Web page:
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A Study Of The Effect Of The Myers Briggs Type Indicator

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Conference

2003 Annual Conference

Location

Nashville, Tennessee

Publication Date

June 22, 2003

Start Date

June 22, 2003

End Date

June 25, 2003

ISSN

2153-5965

Conference Session

Assessment in EM Education

Page Count

9

Page Numbers

8.124.1 - 8.124.9

Permanent URL

https://peer.asee.org/11800

Download Count

1888

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Paper Authors

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Tricia Varvel

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Stephanie Adams

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Abstract
NOTE: The first page of text has been automatically extracted and included below in lieu of an abstract

Session 1706

A Study of the Effect of the Myers-Briggs Type Indicator on Team Effectiveness

Tricia Varvel, M.S., Stephanie G. Adams, Ph.D. and Shelby J. Pridie, B.S. University of Nebraska-Lincoln

Abstract

Competitiveness in the business world has led to a great need for increased productivity. One way that companies, as well as academic institutions, have tried to meet this need is by using teams. However, many of the promised gains of using teams have not yet been fulfilled. This research sought to find a way to make teams more effective by considering and utilizing each team member’s psychological type information.

Specifically, students in engineering senior design classes were given the Myers-Briggs Type Indicator Test (MBTI) in the first week of their teaming experience. Half of the students then received the Myers-Briggs psychological type training. The training discusses various strengths and weaknesses of each type, as well as how each type might function in a teaming environment. At the end of the semester, team effectiveness was rated in two ways. The first measure was the grade the team received in their senior design class, while the second measure involved the Team Effectiveness Questionnaire (TEQ). The TEQ allows a team to rate its own effectiveness by answering a number of questions regarding different team related issues.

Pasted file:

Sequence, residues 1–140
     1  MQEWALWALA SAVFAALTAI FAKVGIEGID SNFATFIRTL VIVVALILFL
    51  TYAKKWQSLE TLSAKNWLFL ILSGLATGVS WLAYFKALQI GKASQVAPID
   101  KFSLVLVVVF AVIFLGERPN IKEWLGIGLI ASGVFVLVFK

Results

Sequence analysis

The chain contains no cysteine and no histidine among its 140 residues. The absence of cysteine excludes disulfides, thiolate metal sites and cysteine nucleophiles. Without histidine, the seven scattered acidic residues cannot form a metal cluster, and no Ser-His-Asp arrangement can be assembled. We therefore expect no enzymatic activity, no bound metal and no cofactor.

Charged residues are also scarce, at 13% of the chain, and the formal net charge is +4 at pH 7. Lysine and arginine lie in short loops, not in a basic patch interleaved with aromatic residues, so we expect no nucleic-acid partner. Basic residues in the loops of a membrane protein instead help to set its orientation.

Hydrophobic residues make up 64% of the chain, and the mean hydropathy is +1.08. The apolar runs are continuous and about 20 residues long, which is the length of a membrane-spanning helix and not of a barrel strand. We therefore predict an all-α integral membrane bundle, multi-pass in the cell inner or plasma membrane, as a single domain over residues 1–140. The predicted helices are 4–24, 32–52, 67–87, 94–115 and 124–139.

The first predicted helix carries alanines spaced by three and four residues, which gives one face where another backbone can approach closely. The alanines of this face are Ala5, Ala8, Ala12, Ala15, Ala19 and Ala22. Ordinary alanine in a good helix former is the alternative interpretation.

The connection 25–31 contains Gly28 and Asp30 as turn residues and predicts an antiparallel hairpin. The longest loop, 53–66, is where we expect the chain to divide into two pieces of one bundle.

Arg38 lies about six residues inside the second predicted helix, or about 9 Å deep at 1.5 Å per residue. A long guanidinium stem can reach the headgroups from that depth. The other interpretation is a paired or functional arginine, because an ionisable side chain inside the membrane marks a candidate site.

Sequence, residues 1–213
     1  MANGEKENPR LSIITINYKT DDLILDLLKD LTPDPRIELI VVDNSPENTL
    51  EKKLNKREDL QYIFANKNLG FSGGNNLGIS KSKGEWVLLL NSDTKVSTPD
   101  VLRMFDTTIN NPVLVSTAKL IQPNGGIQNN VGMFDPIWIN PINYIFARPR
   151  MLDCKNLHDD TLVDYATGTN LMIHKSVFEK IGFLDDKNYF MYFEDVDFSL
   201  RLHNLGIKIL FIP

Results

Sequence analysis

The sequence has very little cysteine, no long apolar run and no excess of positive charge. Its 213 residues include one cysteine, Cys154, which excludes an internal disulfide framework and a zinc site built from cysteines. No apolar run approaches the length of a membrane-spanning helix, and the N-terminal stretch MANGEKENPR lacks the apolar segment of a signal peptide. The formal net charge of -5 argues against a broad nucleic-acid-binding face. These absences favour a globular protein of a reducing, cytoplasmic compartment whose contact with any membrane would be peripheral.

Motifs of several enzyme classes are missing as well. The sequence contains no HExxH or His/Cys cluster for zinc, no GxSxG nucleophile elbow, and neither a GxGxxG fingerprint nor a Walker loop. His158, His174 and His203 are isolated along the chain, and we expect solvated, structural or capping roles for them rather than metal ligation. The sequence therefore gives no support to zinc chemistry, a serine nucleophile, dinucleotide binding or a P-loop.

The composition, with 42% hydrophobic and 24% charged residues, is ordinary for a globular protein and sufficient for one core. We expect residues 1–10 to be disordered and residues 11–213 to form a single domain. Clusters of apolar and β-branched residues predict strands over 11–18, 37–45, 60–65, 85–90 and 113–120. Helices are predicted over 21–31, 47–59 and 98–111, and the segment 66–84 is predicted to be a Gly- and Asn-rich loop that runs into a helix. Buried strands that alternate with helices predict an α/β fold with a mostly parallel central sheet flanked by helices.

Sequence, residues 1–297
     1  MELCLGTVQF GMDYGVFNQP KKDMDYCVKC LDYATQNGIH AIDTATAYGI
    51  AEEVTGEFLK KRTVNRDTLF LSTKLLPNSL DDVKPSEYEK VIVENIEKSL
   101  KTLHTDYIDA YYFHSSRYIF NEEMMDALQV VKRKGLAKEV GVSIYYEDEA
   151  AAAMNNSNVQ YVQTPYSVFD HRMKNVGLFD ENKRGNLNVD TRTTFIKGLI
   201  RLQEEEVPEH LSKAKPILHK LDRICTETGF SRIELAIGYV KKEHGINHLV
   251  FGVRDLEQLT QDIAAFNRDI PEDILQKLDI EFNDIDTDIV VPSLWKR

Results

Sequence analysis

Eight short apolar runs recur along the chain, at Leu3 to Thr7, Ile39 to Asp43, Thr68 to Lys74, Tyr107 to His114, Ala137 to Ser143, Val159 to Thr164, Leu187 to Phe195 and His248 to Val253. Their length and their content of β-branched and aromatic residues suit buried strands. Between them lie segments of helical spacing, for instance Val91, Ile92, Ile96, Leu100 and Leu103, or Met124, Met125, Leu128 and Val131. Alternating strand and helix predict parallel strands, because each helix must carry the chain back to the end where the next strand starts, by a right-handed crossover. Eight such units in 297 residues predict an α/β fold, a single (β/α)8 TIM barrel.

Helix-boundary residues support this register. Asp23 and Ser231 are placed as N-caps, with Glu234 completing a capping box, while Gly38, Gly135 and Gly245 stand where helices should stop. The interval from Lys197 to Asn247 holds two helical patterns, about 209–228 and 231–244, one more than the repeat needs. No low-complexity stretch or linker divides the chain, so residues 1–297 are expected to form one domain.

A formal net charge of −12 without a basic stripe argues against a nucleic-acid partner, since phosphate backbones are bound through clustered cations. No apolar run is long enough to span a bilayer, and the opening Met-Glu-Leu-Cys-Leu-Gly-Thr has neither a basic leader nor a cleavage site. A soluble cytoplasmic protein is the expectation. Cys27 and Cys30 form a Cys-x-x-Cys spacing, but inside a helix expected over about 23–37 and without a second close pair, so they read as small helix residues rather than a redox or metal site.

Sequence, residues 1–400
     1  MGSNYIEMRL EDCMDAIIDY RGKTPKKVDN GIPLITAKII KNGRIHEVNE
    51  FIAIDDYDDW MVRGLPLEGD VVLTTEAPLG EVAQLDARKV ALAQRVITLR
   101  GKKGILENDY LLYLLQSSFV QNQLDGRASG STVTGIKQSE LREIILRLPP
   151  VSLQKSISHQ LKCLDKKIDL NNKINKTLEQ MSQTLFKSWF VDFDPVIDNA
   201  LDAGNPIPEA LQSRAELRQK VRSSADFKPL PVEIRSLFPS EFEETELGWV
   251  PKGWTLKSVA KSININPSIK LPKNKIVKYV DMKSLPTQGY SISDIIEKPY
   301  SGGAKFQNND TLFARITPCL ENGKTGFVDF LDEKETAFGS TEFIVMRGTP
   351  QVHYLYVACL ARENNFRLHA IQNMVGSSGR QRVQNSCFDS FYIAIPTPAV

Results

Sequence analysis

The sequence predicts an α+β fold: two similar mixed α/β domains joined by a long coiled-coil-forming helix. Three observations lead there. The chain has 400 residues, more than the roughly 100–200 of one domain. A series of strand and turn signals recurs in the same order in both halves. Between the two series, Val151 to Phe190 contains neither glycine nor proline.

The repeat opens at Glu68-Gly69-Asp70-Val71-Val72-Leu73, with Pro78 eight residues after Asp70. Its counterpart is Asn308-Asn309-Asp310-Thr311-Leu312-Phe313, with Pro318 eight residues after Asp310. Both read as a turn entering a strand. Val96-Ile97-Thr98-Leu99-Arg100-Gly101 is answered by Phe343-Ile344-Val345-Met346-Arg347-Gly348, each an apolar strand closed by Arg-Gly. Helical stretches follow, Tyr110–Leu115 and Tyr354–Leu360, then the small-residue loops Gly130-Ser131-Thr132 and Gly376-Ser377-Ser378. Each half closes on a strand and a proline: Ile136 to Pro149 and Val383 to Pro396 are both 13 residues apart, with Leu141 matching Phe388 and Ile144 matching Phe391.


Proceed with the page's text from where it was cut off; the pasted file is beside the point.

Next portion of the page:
This research study sought to test whether psychological type training had an effect on the effectiveness of a team.

Introduction

A team in the workforce is often formed according to the technical knowledge of its members. Little is known, however, regarding the non-technical factors that determine team performance above and beyond individual competency1. When a team fails, “problems are often blamed on ‘poor communications,’ an overly broad label for a range of personality differences that can create tensions and misunderstandings2.” Most managers agree that people rarely fail due to a lack of knowledge, skills, or intelligence, but invariably fail because they are unsuitable in terms of temperament and motivation3.

The recent proliferation of teams in the work environment has led researchers to examine the relationships between various team characteristics and different measures of effectiveness. The goal of many researchers in this area is to develop recommendations for the design of work teams to enhance the likelihood that they will be effective4. Unfortunately, there has been little

Proceedings of the 2003 American Society for Engineering Education Annual Conference & Exposition Copyright © 2003, American Society for Engineering Education

Varvel, T., & Adams, S. (2003, June), A Study Of The Effect Of The Myers Briggs Type Indicator Paper presented at 2003 Annual Conference, Nashville, Tennessee. https://peer.asee.org/11800

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